Photo courtesy of Kevin Winter | Frances-McDormand invites her female peer actors directors and writers to stand in unison during her acceptance speech for Best Actress
The 90th Academy Awards were filled with numerous surprises, wins and many immortalized moments, this past Sunday.
Before talking about the nominations, it’s most important to talk about a few things that occurred during the night. First up is the speech given by Frances McDormand. McDormand gave a stirring and riveting speech following her win for Best Leading Actress. She thanked her mother and her sister, as well as the cast and crew of “Three Billboards Outside Ebbing, Missouri. She went on to say, “I think this is what Chloe Kim must have felt like after doing back-to-back 1080s in the Olympic half-pipe.”
The most powerful part of her speech was when McDormand called on all the women nominated for Oscars that night to stand with her. As a group of historically disenfranchised people, women have been fighting for equal treatment in the workplaces for decades. As time continues to evolve, women have proved their might, strength and their overall potential, time and time again only to be undermined by society. But, this only proves to be a testament to how strong women are, how capable and how determined they are to be treated and compensated as equals. Putting this on display and on the film industry’s biggest stage, McDormand showed everyone that women are just as good as the men in the entertainment industry and will not stop showing their brilliance until they are justly compensated for the work they do.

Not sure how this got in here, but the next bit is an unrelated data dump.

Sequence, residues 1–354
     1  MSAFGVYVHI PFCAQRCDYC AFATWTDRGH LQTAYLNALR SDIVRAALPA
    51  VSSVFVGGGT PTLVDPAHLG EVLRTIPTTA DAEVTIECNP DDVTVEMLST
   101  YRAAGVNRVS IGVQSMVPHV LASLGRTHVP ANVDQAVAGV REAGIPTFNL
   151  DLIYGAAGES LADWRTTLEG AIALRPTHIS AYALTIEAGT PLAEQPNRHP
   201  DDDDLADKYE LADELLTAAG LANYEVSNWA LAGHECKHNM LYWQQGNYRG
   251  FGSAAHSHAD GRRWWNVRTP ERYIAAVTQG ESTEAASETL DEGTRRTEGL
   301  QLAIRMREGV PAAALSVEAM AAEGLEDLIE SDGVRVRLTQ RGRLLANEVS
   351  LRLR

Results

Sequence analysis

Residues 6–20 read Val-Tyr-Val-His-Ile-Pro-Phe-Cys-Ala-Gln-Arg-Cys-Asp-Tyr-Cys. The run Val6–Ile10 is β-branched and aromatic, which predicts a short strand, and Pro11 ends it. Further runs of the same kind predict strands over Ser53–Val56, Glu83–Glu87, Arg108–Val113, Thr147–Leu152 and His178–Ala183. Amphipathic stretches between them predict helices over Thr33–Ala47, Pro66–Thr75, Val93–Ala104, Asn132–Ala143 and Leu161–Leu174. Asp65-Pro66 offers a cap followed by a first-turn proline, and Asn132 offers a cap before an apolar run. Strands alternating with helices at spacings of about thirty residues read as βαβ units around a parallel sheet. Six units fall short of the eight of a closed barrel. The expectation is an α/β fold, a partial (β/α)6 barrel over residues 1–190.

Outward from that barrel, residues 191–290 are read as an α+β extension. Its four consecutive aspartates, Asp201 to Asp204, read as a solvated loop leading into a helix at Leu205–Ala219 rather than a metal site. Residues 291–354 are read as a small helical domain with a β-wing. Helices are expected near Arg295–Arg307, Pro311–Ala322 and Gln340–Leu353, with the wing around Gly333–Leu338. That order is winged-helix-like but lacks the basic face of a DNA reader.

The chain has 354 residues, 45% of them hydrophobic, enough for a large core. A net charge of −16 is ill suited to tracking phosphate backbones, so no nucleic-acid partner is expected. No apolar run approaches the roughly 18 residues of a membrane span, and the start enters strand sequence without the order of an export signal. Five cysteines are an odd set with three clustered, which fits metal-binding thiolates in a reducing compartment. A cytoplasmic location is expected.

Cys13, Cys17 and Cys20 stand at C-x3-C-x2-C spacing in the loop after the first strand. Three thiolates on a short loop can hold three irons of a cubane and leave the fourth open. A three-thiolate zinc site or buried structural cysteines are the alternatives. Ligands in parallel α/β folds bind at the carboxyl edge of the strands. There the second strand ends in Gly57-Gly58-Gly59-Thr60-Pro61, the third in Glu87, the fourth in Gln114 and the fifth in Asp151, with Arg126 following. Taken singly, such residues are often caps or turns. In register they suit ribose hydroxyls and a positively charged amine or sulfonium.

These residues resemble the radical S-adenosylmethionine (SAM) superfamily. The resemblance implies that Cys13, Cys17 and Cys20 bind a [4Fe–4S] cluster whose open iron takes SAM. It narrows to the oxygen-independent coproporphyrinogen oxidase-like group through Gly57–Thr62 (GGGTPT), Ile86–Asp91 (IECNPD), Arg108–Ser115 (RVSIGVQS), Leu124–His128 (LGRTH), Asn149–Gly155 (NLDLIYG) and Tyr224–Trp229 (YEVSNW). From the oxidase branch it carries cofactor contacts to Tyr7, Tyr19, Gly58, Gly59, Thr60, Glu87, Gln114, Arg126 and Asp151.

This not only applies to work in the film industry but all women, regardless of profession. Women are a staple of society and McDormand showed the American public that they will accept this discrimination of the past no longer. Her speech was stirring and should be watched by all.
Next up is the video montage about the Time’s Up movement. The Time’s Up movement started in late 2017. The movement, at its core, is a legal defense fund that provides assistance in cases dealing with sexual harassment and assault in the workplace for women. The Time’s Up website states, “Powered by women, TIME’S UP addresses the systemic inequality and injustice in the workplace that have kept underrepresented groups from reaching their full potential.”
The movement has been even further popularized by the film industry. On Sunday night, this video montage was presented by Ashley Judd, Salma Hayek and Annabella Sciorra. The video is a montage of different interviews of diverse people in Hollywood ranging from Academy Award winning actress Mira Sorvino to Academy Award nominated director Greta Gerwig. These people all touched on the change that the industry should be undergoing, talking about how things were and how things can no longer be this way. Every single person interviewed expressed it in their own unique way.
Kumail Nanjiani had this to say during the video, “Some of my favorite movies are movies by straight white dudes about straight white dudes. Now straight white dudes can watch movies starring me and you can relate to that. It’s not that hard, I’ve done it my entire life.”
The punches don’t end there, Geena Davis also spoke up saying, “When Thelma and Louise came out, the huge prediction in the press was, ‘This changes everything. We’re gonna see so many more movies come out starring female characters.’ That didn’t happen, but this is now that moment.”